Summer travel '09: Freebies across the USA

Stumphouse Tunnel and Issaqueena Falls in the Blue Ridge foothills an hour east of Greenville make a cool two-fer on hot summer days. The 1,600-foot tunnel, whose construction was cut short by the Civil War, was used in the '50s to cure blue cheese. Nearby, accessible Issaqueena Falls cascades 200 feet and comes with its own Indian maiden legend. 864-646-3782, — Jayne Clark

South Dakota

Walleye pike is a Midwest treat, and the second South Dakota Walleye Classic & Festival in Akaska Aug. 12-16 will lure top fishermen. It's also a place to have family fun, hook, line and sinker — viewing a chainsaw artist, watching Native American dancers, comedians and cowboys re-enacting a historic South Dakota shooting.— Kitty Bean Yancey


Nowhere in Music City can you hear more live tunes for free than along Nashville's Honky Tonk Highway, a stretch of bars along Lower Broadway. Performers at clubs such as Tootsies Orchid Lounge, Robert's Western Wear and Legends Corner play for free (though it's good form to tip). Many legends got their start in these clubs and occasionally, a star drops in to play a set. 800-657-6910;— Jayne Clark


The Miller Outdoor Theatre in Houston's Herman Park has just undergone a $2.4 million renovation that improved seating, sound and sight lines. With a season that runs from late March to November, performances range from the Houston Symphony to Chinese acrobats. Tickets for the 1,708 covered seats are available on the day of the show on a first-come, first-served basis. There's also plenty of lawn seating. 281-373-3386, — Jayne Clark


There are two chances every week to catch the dulcet tones of the Mormon Tabernacle Choir in Salt Lake City. On Thursdays during the summer, the choir rehearses at 8 p.m. for 90 minutes at Church of Jesus Christ of Latter-day Saints Conference Center. Then on Sundays, the choir performs at 9:30 a.m. on the church's weekly broadcast, Music and the Spoken Word. 801-240-3221,— Chris Gray Faust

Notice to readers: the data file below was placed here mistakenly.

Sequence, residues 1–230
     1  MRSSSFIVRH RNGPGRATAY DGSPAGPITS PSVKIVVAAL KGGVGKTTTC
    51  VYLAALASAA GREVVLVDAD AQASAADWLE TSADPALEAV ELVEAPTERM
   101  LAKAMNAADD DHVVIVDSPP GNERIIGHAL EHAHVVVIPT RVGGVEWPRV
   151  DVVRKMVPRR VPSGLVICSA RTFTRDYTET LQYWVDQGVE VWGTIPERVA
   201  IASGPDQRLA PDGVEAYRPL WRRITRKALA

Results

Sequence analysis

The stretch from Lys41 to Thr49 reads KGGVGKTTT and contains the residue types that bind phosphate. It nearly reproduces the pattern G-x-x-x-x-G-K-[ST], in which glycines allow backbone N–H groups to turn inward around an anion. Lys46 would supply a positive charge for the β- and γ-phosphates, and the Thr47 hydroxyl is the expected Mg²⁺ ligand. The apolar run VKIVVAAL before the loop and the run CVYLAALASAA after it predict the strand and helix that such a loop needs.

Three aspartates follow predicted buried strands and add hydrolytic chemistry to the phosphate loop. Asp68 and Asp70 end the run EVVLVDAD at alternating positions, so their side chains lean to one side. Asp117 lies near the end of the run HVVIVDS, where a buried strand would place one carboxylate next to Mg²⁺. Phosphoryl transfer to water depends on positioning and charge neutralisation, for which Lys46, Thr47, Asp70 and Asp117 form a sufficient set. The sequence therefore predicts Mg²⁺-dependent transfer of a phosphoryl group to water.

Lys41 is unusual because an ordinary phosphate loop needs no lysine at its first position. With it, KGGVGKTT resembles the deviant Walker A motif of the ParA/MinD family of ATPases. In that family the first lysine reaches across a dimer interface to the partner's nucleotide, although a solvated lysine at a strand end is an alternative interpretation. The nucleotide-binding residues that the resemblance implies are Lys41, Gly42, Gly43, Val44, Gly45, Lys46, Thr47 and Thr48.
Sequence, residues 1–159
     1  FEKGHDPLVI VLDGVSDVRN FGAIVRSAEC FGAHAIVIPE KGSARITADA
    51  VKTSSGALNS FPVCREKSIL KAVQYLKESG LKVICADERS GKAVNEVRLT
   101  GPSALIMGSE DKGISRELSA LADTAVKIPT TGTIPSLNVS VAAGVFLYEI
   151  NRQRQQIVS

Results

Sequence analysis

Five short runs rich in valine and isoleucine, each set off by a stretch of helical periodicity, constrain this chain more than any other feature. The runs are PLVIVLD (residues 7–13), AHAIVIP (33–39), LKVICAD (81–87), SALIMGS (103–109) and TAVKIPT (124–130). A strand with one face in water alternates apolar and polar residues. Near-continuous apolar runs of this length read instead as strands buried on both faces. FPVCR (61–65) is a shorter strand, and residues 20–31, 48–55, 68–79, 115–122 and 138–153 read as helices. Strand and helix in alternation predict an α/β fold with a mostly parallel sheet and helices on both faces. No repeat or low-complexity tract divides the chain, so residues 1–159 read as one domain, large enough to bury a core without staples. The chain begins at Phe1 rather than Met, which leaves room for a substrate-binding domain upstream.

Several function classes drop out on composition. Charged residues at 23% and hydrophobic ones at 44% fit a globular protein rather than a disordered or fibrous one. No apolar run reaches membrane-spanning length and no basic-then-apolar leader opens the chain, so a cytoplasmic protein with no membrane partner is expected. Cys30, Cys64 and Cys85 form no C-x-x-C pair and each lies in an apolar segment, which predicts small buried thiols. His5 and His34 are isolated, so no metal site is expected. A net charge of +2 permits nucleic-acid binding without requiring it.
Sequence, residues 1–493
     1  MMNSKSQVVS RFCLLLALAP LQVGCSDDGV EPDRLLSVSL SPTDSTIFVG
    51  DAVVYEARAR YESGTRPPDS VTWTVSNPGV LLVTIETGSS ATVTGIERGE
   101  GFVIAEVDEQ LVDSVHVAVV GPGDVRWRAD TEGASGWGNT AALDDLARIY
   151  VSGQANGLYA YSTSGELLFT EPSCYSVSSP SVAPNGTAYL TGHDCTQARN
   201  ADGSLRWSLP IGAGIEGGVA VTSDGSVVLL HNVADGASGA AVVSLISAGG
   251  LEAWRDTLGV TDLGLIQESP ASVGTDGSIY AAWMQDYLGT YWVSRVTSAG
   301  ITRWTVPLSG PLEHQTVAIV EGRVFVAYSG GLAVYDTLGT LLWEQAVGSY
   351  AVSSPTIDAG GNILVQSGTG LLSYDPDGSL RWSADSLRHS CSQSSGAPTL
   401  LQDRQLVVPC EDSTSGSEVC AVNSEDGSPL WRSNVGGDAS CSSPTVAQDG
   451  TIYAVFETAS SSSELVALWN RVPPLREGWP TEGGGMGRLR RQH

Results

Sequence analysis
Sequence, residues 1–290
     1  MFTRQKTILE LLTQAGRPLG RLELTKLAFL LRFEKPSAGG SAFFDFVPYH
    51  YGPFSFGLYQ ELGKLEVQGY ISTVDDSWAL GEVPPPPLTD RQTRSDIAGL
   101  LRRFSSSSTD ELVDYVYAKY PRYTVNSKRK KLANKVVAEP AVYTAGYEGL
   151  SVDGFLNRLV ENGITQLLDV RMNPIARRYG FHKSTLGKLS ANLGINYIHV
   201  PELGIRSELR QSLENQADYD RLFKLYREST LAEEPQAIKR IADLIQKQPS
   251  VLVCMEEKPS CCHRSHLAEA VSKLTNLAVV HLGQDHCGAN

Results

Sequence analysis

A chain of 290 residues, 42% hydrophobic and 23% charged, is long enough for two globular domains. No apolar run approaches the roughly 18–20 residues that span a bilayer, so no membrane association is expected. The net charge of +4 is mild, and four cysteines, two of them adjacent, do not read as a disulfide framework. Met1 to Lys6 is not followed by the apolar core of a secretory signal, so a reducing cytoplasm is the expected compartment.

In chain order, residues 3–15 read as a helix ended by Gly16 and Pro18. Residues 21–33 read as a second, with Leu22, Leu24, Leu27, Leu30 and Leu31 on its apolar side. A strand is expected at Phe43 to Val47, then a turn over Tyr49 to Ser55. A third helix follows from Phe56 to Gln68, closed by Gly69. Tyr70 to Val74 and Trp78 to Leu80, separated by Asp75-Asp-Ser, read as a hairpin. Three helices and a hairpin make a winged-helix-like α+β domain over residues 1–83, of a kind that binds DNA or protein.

Four centuries after Frenchman Samuel de Champlain first paddled Lake Champlain in 1609, modern explorers can peddle its shores — and celebrate the anniversary — with the help of Lake Champlain Bikeways. A network of routes covers more than 1,400 miles across Vermont, New York and Quebec, and lets bikers choose rides based on interests from wineries to sugar mapling. The principal route around Lake Champlain is 363 miles long, but more than 40 additional options range from six to more than 60 miles in length and include paved and gravel roads and shared use paths through urban areas. 802-652-2453;— Laura Bly


Chincoteague may best be known for the wild ponies that are rounded up every July, but there's plenty of other wildlife on the dunes, marshes and maritime forests of the 14,000-acre Chincoteague National Wildlife Refuge. Located on the Virginia side of Assateague Island, the refuge is a haven for birdwatchers, as well as kayakers, fishers and surfers. In winter, a big-game lottery allows hunters to take aim at white-tail deer and sika elk. 757-336-6122;— Jayne Clark


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